KHARTOUM, March 27, 2017 — Sudan continues to be eligible for funding from the Global Partnership for Education (GPE).
The news comes after some uncertainty as to whether Sudan — a recipient of GPE financing since 2013 — would continue to be eligible for GPE support due to the tight constraints on global aid budgets. GPE currently finances the US$76.5 million Sudan Basic Education Recovery Project, the largest source of external support to basic education in Sudan which is supervised by the World Bank. Sudan’s authorities must still apply for the new funding which is subject to approval by the GPE Board of Directors. All GPE funding is linked to education progress, such as increases in domestic education spending, systematic collection of education data, and successful joint education sector reviews.
" GPE funding has been critical for the development of the country's basic education sector by building schools and enabling essential reforms that would not have been possible otherwise. We are thankful that Sudan will be eligible for possible future funding. My thanks also extend to the World Bank in Sudan for its steadfast support", said Souad Abdel-Razig, Sudan’s Minister of General Education. "We look forward to a deeper collaboration with all of our international partners to ensure quality education for all of our children, including those who have come to Sudan due to conflicts in their home countries."
In 2014, over three million Sudanese children of primary school age were out of school with girls comprising more than 50%. Nomads and children in conflict-affected areas are more at risk of being excluded from formal education, while poverty, remoteness, and the scarcity of resources often limit children’s ability to stay in school. Despite efforts to increase government budgetary allocations to the education sector, much remains to be done to improve enrollment, retention, and performance rates and bridge the significant gender gap that persists across states and localities.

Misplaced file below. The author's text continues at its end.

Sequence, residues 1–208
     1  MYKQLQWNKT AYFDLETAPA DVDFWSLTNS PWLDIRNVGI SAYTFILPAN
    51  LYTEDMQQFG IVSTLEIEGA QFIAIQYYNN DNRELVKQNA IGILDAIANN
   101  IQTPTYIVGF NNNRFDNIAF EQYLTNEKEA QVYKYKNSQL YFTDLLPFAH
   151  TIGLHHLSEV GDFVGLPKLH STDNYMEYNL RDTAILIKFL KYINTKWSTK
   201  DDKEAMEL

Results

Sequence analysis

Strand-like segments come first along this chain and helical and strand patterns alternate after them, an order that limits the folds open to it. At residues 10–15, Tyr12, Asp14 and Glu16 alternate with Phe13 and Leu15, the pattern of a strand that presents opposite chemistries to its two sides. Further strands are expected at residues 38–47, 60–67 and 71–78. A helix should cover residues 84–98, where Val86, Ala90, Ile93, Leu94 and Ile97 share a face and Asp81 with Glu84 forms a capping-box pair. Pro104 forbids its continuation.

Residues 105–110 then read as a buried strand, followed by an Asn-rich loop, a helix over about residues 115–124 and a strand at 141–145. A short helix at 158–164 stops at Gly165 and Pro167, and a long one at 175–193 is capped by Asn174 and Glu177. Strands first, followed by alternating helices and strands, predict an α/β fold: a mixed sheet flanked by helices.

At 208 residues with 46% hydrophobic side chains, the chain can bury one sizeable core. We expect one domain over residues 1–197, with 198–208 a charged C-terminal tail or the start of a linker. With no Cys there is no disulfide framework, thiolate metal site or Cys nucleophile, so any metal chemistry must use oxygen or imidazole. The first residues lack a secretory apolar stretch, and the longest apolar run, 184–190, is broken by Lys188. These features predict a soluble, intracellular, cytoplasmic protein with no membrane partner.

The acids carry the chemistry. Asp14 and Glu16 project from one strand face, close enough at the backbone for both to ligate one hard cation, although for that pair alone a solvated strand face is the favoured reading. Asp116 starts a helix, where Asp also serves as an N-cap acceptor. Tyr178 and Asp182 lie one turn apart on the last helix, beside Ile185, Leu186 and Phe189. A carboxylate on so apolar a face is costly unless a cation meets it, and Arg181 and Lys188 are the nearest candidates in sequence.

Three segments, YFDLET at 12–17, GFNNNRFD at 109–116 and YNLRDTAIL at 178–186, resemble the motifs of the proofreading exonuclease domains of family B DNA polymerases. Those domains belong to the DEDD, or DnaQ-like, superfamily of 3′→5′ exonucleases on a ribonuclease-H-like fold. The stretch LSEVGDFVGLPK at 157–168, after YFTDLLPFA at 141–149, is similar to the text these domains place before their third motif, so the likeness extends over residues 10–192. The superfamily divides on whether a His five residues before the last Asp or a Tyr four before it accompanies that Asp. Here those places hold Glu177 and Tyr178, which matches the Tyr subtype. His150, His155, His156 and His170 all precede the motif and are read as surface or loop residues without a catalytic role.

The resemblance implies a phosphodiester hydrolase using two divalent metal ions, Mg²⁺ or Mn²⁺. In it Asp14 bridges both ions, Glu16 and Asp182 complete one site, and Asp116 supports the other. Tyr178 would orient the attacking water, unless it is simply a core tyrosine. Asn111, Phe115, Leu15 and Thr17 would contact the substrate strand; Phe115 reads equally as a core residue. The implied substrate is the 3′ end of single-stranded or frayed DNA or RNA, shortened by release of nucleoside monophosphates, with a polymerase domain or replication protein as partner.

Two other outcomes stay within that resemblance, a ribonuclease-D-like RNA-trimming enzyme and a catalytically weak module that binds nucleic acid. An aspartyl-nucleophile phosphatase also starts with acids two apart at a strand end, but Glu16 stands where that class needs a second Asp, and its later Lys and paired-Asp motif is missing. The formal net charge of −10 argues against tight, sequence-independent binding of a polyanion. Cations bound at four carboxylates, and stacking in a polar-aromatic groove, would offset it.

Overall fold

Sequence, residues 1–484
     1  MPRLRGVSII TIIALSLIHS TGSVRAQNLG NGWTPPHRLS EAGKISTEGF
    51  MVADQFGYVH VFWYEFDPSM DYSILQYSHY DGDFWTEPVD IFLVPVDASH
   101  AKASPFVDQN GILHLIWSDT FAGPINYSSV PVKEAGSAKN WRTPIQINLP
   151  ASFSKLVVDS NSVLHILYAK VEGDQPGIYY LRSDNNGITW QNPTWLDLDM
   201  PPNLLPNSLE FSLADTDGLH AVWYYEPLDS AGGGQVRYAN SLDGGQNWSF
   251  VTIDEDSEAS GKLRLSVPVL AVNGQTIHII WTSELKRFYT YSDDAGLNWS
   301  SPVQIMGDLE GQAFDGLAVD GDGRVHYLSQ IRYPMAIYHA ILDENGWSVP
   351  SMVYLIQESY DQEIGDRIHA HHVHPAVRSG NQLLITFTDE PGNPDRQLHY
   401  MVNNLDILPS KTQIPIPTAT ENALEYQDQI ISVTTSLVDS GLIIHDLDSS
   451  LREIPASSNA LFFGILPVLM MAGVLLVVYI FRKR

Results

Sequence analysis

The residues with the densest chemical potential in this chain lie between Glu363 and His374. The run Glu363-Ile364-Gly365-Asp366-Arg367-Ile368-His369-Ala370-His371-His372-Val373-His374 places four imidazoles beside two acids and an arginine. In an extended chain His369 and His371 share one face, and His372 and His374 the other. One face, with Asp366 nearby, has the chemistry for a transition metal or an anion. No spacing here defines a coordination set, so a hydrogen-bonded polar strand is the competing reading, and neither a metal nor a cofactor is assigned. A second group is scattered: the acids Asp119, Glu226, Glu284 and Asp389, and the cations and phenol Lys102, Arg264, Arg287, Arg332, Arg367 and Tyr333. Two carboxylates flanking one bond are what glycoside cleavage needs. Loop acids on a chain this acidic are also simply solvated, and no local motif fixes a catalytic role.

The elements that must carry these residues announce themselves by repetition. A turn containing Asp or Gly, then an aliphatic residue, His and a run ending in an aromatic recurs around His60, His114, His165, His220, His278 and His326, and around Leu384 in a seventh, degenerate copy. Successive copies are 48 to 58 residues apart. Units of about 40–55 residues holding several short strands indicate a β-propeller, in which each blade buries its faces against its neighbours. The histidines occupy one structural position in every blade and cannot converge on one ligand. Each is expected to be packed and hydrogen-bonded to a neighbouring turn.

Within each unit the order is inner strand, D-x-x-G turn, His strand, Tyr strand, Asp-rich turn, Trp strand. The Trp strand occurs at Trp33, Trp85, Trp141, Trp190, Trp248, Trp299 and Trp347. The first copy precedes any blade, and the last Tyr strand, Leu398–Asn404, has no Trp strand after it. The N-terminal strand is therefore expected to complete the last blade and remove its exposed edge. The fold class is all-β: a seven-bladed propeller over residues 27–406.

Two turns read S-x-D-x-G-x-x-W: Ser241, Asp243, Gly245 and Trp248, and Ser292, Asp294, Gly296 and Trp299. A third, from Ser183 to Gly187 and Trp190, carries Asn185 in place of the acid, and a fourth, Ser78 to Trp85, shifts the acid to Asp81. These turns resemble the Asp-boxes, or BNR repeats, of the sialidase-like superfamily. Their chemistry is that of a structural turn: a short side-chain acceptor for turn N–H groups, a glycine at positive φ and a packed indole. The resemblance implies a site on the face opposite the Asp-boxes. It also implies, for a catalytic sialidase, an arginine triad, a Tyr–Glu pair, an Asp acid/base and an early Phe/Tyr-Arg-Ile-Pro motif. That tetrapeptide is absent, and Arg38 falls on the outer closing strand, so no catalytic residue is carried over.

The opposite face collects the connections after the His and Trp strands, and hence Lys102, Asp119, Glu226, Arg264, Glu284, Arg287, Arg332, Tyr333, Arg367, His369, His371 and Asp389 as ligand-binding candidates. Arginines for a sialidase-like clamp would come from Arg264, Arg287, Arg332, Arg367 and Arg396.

“The Global Partnership for Education stands ready to continue supporting the Sudanese government’s efforts to strengthen the country’s education sector,” said Alice Albright, Chief Executive Officer of the Global Partnership for Education. “Millions of Sudanese children remain out of school and it is crucial that we ensure that every child, irrespective of where he or she lives, receives a quality education. We also hope that other donors will join these efforts.”
Since its debut in 2013, the Basic Education Recovery Project has laid a solid foundation for better education policies in Sudan and strengthened the overall education system. It also mobilized and empowered communities through providing training and promoting dialogue around sensitive sociocultural barriers to education.
“Funding from the Global Partnership for Education has made a significant difference to basic education in Sudan”, said Xavier Furtado, the World Bank’s Country Representative to Sudan. “The first grant has helped build over 900 classrooms, purchase and distribute over 9.8 million new textbooks, support Sudan’s first National Learning Assessment, and scale-up an innovative performance-based school grant system. While we are happy to see that Sudan will remain eligible for GPE financing, the country must be ready for some fierce competition. The World Bank stands ready to support Sudan’s application to the Global Partnership for Education.”